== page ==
(NEW information on PRISM data access at bottom of page!)

To achieve the science objectives, CORAL will conduct airborne remote sensing campaigns using PRISM (Portable Remote Imaging Spectrometer) in a Tempus Applied Solutions Gulfstream IV airplane. The PRISM sensor is a combination spectrometer (an instrument that measures the intensity of light as a function of wavelength) and radiometer (an instrument that measures the power, or flux, of electromagnetic radiation). PRISM was developed in 2009 as a state-of-the-art tool for conducting coastal ocean science; specifically, for studying large areas of the coastline repeatedly in a short period of time.

Learn more about the PRISM technology in this NASA Earth video as CORAL Project Scientist Dr. Michelle Gierach gives a tour of the plane and its specialized instrumentation.


For the purposes of CORAL, PRISM will measure the light values (spectra) that signal the health of coral: that is, the light that travels from the sun, through the atmosphere, through the sea surface, down through the water column, to the bottom and back to the sensor.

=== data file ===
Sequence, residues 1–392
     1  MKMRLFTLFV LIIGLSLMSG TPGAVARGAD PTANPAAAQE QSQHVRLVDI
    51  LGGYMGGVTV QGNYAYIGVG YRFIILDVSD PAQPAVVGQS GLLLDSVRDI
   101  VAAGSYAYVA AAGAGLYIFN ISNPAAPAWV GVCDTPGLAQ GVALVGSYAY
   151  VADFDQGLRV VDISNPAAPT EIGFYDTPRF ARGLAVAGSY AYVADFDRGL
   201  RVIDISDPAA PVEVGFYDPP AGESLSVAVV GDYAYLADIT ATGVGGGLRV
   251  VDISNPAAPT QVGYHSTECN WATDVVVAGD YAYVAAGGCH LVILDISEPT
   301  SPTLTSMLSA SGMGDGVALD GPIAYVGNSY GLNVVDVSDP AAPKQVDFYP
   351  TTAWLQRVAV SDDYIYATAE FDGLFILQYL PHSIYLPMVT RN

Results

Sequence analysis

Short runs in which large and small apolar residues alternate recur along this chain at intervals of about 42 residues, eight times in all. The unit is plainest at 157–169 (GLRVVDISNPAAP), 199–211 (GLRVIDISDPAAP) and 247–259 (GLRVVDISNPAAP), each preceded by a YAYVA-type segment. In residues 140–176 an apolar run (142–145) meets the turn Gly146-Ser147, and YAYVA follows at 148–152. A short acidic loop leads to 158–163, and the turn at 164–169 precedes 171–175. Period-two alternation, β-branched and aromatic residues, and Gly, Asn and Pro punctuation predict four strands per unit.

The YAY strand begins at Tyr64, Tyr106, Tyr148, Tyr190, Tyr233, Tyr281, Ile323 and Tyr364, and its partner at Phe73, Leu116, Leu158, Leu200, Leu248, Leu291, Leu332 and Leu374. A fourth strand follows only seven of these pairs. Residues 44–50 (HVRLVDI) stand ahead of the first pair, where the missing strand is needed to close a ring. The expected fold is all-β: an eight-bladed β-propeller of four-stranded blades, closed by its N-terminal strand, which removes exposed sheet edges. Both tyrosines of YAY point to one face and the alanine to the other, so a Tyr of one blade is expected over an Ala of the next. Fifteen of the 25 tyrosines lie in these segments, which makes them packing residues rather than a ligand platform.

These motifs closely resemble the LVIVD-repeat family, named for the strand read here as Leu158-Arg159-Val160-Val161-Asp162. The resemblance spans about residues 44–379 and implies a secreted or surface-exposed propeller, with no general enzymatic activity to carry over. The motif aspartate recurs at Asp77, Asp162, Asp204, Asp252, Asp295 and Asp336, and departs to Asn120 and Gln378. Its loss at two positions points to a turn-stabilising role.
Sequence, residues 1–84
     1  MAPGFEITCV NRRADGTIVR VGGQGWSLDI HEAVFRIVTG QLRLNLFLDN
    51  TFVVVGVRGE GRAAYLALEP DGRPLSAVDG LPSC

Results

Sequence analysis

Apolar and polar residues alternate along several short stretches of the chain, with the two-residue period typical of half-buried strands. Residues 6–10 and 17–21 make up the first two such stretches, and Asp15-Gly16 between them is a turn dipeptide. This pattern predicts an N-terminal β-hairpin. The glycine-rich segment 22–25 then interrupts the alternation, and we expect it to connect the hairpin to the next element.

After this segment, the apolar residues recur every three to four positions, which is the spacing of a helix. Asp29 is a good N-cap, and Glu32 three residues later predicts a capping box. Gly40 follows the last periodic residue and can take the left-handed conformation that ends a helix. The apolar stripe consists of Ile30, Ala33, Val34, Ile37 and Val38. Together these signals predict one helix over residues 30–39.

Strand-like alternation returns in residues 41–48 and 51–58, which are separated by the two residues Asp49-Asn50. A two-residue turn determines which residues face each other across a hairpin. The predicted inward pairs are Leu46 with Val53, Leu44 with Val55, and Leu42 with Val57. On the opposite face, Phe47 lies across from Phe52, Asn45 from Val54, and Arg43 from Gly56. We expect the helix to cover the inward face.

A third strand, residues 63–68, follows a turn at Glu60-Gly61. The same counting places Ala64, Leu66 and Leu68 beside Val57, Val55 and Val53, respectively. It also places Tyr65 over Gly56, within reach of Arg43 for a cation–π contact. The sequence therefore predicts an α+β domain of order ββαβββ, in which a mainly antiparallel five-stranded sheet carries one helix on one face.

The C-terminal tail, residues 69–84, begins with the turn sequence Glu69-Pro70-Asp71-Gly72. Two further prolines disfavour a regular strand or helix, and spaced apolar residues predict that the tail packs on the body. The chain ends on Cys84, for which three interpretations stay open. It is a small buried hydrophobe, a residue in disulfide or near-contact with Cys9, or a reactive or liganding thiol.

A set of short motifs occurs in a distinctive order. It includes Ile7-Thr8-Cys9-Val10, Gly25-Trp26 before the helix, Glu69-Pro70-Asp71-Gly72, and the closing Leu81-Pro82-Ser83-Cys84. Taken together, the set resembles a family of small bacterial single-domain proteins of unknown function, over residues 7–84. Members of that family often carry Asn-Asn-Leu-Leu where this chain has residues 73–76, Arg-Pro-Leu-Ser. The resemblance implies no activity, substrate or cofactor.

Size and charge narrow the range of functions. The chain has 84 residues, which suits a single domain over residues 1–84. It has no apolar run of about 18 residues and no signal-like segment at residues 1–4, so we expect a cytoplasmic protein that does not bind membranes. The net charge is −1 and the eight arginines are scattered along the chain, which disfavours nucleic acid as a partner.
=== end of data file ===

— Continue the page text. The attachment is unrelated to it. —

diagram imaging spectroscopy

Illustration of spectral data collected by the PRISM instrument during CORAL airborne campaigns


However, in order to obtain these spectra, CORAL scientists will have to apply a series of “corrections” to account for these factors. The result will be a series of maps that indicate the relative densities of coral, sand and algae in each study area, as well as rates of primary productivity and calcification.


CORAL data maps

Examples of CORAL data products that integrate PRISM images with in-water validation and correction algorithms


Photo Gallery:


PRISM Data Access:

PRISM flights and Quicklooks for the various CORAL field campaigns can be found at:
2016 flights include data from the Operational Readiness Test and the Great Barrier Reef campaign
2017 flights include data from the Main Hawaiian Islands, Guam, and the Mariana Islands